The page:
Your baby this week
36 weeks pregnant

Is a doula necessary?

Something I hear often from mamas to be is, “I don’t need a doula because I already have a partner/husband/boyfriend who will be helping me during labor.” This argument sounds logical and it’s obviously good and fine to have your partner at your labor and birth, however, before you slash the idea of a doula off your list forever, know that a partner, even an excellent partner, is not the same as a doula.

If you haven’t even heard of doulas before then read what is a birth doula, then check out these four reasons a birth doula is a fabulous idea.

pregnant woman labor childbirth birth

Hormone magic

As you've probably noticed, your body is continuing to create hormones. But, you may not know that the hormones which prepare your breasts for nursing also swell the breasts in both boy and girl babies.

Not only are you making hormones, but also valuable antibodies that aid your little ones immature immune system. They can help protect against bacterial and viral infections like German measles, influenza, mumps, whooping cough, and streptococcal infections.

To find out more about the third trimester, click here.


Tips for beginners

Like walking, breastfeeding is a skill. Both come naturally, but both require practice. Babies take baby steps before they run, and pregnant moms should take their breastfeeding "baby steps" before their hungry newborn arrives.

Breastfeeding counselor Marie Zahorick has twelve tips to help you prepare:

Tip #1: Understand that your baby's position at the breast is crucial and can help you avoid soreness. If you've never seen a baby breastfeeding, watch a video or go to a support meeting for breastfeeding moms. You and your baby should be belly-to-belly, with his ear, shoulder and hip all forming a straight line. His nose should be almost touching your breast, and his mouth should be extremely wide open with his lips flanged outward, not rolled inward.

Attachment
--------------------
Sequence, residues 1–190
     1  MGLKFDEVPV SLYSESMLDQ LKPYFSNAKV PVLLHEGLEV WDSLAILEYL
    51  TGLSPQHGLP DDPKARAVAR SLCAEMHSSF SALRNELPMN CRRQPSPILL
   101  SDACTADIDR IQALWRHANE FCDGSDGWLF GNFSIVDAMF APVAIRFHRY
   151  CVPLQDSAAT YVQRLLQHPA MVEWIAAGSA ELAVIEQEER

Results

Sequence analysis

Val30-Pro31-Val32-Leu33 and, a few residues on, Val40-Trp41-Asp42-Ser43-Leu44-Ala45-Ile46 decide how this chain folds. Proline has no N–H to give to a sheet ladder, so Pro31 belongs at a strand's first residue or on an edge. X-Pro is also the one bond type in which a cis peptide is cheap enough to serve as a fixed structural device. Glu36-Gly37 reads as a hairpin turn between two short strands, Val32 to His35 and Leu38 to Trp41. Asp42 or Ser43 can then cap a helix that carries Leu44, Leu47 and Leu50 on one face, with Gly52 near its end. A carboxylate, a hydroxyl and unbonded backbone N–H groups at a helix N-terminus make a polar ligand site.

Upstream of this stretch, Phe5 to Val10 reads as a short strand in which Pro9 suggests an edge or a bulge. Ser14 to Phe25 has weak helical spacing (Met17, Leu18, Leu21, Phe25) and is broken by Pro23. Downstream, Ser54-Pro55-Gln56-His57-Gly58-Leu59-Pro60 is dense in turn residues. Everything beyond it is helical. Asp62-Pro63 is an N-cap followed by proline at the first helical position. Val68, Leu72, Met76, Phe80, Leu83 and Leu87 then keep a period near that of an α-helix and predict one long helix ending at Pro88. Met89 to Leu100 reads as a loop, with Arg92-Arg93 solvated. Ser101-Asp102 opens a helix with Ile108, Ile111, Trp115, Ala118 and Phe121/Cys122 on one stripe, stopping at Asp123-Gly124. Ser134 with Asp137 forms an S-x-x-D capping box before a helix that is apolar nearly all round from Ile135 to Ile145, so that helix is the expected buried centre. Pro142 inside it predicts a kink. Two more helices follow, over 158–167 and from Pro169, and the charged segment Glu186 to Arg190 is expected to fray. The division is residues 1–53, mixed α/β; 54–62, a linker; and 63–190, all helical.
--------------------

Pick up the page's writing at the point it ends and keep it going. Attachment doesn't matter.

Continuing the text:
Read the rest of the tips here!

Make a belly mask!

belly mask belly castBelly casting (or masking) is a wonderful art form celebrating the amazing transformation of a woman's body during pregnancy. It is usually done two to three weeks before a woman's due date, but can also be used to capture the changes during pregnancy as well. It is a remarkably simple and inexpensive project, although it's just a little messy! Here is one mom's experience with making a belly cast.

Toward the very end of my second pregnancy, I had learned about belly masking and saw some pictures. I thought it sounded like a wonderful idea, but never got motivated enough to do it in those final weeks. At that point, I was thinking more about how great it would be to have baby on the outside rather than the inside.

After my second baby girl was born, however, the regret set in. At that point, I was determined that I would definitely do a cast of my pregnant belly, if I was ever fortunate enough to conceive again.

It's not too late -- be sure to join your Due Date Club!

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